The CME Group contends that any attempt by the Commodity Trading Futures Commission (CFTC) to impose position limits on exempt and agricultural commodities without first obtaining evidence on excessive speculation in the markets would violate federal law.
The Commodity Exchange Act, as amended by the Dodd-Frank Wall Street Reform Act, requires the Commission to first find that position limits “are necessary to diminish, eliminate or prevent burdensome excessive speculation before imposing such limits,” wrote CME CEO Craig S. Donohue in a recent letter to the CFTC. CME is a holding company for four exchanges, including the Chicago Mercantile Exchange Inc., the Chicago Board of Trade, the New York Mercantile Exchange and the Commodity Exchange Inc.
The Administrative Procedure Act (APA) requires that an agency proposing a new rule justify the need for it. Specifically the APA requires that a notice of a proposed rule include “‘sufficient detail on its content and basis in law and evidence to allow for meaningful and informed comment.’ Absent a finding with supporting evidence that position limits are ‘necessary,’ this APA requirement cannot be met because the public will not know the Commission’s specific reasoning for the essential finding that triggers its proposed rulemaking,” Donohue said.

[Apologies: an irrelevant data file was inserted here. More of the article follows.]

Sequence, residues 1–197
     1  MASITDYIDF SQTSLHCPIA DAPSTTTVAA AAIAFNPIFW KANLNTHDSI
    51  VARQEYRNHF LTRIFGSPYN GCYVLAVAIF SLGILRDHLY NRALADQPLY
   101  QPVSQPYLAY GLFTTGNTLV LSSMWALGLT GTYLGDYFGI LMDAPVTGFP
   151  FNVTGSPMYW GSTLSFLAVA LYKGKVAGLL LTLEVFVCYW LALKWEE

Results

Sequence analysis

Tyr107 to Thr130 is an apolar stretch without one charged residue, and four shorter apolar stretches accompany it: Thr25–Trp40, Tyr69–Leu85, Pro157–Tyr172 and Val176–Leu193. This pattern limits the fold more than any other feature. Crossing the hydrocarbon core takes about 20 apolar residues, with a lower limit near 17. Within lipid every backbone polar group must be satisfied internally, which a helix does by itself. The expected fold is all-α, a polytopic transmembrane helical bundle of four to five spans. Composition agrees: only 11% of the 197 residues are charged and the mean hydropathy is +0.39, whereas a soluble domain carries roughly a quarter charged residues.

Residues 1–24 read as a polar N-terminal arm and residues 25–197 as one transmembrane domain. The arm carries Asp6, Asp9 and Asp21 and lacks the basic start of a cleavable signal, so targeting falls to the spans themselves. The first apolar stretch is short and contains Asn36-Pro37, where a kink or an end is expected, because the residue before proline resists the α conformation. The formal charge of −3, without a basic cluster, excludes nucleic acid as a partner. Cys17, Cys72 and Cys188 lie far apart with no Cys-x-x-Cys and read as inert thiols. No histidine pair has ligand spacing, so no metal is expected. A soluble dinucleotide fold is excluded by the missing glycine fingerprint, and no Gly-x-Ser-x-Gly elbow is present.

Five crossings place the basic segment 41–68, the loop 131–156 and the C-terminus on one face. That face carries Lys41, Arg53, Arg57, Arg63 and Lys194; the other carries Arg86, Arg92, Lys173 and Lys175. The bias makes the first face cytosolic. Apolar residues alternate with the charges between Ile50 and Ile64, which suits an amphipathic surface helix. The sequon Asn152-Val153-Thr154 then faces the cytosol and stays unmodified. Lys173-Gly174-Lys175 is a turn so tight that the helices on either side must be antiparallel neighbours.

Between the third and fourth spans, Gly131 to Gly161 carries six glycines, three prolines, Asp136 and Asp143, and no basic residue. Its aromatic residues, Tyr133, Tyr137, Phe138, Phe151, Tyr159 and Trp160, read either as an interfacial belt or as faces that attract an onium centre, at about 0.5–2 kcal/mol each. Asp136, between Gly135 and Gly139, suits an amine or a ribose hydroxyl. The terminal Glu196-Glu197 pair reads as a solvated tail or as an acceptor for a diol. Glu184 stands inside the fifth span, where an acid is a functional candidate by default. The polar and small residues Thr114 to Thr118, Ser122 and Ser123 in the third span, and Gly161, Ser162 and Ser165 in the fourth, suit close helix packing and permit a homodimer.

Morgan Stanley recommends that the Commission propose interim position limits until its has the opportunity to collect and analyze the relevant data before exercising its authority to set limits on speculative positions.
“As the Commission proceeds to determine whether position limits are ‘necessary,’ it should be guided by the statute’s own terms, which indicate that such limits would be ‘unnecessary’ where burdensome excessive speculation does not exist or is unlikely to occur in the future,” the CME’s Donohue said.
He believes that regulated exchanges have effectively dealt with speculative concerns through their market surveillance programs. “The exchanges independently have the ability to establish position limits as warranted by the characteristics of their traded contracts, and to employ position accountability provisions as appropriate given particular market constructs and market conditions,” Donohue said.
“Insofar as the existing exchange programs are and have been proven to be effective, CME Group believes the Commission would lack the statutory basis for establishing new federal position limits on certain contracts involving exempt and agricultural commodities,” he noted.
At a minimum, the CME Group asked the agency to defer imposing the limits on speculative positions until it has the data necessary to accurately set and enforce those limits. Dodd-Frank gives the CFTC the authority to impose position limits, but it does not require the agency to do so.
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